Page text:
Homeschooling is the fastest growing phenomenon in America today. Every parent has the ability to weigh the pros and cons of homeschooling for their family. While we are homeschooling advocates, understanding the pluses and minuses of it can make the decision to homeschool that much better for the children.
Deciding to homeschool your children is no easy task and should be taken seriously. But there are some compelling reasons to consider, so take a look and decide for yourself.
Homeschooling is more flexible
No getting up at a certain time everyday and having lessons done on schedule if that is not the way you want to do it. Should you work late at night and need to get some extra rest in the morning, you will be able to with homeschooled children. No buses to catch and no lunches to prepare. Just rise when you and your kids are ready and begin class in a more leisurely manner.
Your children can advance at their own pace
If you are concerned about any of your kids needing extra attention and feeling like a formal school structure won’t provide it, then homeschooling could be the answer. You can take your time teaching in the pace that your children are most willingly to learn with. Pushing them to excel beyond their current potential will only serve to frustrate them. Consider this a great reason to homeschool if you think any of your children might need additional attention for learning.
You are the one to decide what interaction your child has with peers
In the school system, it is an unknown who your child might encounter and what will go on between them. There is plenty of life ahead of your children for them to learn how to adapt to difficult situations. Being forced in with a group of children who treat your child poorly will serve little instructional purpose and is potentially damaging to your child’s long-term self-esteem.
You may add religious instruction to your daily school routine
No one will tell you otherwise and you have free reign to incorporate as much or as little religion into each day.
Opportunities for homeschool children to learn how to interact in our world
Trips to the store can provide valuable learning experiences while having fun with the family. The food pyramid can be taught in the grocery store. Science and lessons about insects can be taught in your backyard. Career options can be explored with trips to the doctor, dentist or auto mechanic. More diversity can encompass your children’s lives just in living and doing what you do every day.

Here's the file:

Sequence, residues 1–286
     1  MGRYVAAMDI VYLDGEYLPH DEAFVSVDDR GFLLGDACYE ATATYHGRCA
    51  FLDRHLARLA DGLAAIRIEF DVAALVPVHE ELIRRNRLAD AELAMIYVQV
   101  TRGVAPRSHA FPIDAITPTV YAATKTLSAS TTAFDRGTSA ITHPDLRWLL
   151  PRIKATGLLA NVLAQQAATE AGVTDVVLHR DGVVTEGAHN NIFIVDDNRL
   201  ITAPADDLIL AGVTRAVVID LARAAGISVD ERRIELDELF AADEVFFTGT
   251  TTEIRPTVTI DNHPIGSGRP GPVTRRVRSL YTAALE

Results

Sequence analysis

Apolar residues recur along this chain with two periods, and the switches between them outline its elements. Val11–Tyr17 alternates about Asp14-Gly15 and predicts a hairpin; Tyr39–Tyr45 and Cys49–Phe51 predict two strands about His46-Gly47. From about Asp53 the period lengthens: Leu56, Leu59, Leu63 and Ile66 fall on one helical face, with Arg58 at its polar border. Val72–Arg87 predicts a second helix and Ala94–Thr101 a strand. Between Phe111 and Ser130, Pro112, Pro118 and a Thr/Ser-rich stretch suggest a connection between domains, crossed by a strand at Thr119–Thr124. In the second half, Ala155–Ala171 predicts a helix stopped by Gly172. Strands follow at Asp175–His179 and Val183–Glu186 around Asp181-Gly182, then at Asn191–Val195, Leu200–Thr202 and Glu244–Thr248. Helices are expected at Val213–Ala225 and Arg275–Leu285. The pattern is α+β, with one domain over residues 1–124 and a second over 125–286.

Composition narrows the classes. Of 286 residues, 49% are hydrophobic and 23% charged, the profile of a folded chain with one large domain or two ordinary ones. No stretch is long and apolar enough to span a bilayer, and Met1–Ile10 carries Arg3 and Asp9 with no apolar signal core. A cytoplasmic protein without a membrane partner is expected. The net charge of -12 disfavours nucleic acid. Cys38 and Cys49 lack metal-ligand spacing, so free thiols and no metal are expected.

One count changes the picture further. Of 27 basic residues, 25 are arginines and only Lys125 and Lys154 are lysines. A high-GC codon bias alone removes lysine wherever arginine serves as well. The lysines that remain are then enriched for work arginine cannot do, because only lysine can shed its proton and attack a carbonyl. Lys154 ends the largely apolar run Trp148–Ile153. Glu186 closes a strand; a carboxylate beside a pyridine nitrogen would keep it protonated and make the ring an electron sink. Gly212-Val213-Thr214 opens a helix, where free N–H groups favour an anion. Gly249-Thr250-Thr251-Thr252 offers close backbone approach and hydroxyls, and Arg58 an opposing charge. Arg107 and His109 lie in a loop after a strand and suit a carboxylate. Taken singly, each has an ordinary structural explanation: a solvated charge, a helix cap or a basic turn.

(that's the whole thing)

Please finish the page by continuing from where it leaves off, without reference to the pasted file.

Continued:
There potential disadvantages to homeschooling. Studying these disadvantages can help you make the right decision.
Burn out is a very real risk, particularly for the parent who bears the main responsibility for educating the child. It is crucial that this parent (usually the mother) schedule nurturing and renewing activities for herself, including down-time, EACH DAY. Don’t be afraid to use the resources available in the community such as classes and activities for the kids. Develop, and rely on, a strong personal support network.
Adult Social Isolation
Spending the entire day with kids can lead to social isolation from other adults. It needn’t. Nearly every town has a homeschooling support group. Schedule outings with friends. Make opportunities for social interactions with friends.
The parent bears the full responsibility for purchasing educational materials for the child. Depending on the path chosen, these costs can be considerable. Purchased curricula are generally rather expensive. Costs can be reduced through extensive use of the library and careful planning.
The internet is a tool that should not be overlooked. There are many thousands of web sites offering worksheets, lesson plans and ideas for activities. Adopt a plan of strategic gift requests. Ask grandparents to give gifts that help meet some homeschooling needs: a membership to the Mineral of the Month club, for instance, or season tickets to the ballet.
Medical Bills and Special Services
Services through the school system may not be available to the homeschooling parent, depending on the state and the local school district.
School districts have harassed parents who choose to homeschool children with special needs. The risk is slim, but real. Parents living in areas where the school system is known to be hostile to homeschoolers would do well to prepare themselves. Membership in the Homeschool Legal Defense Association could be useful. They will provide legal defense for parents who encounter legal difficulties related to homeschooling.
Difficult Without The Full-time Commitment Of One Parent
Homeschooling is difficult without the full-time commitment of one parent. There are families that homeschool in their after-work time, but this is rare, and probably not workable for a family dealing with special needs. Having one parent available full-time can lead to some significant changes in terms of finances and scheduling (parents working opposite shifts, for instance).
Regardless of your decision as a parent, make your educational choice on solid pros and cons of homeschooling.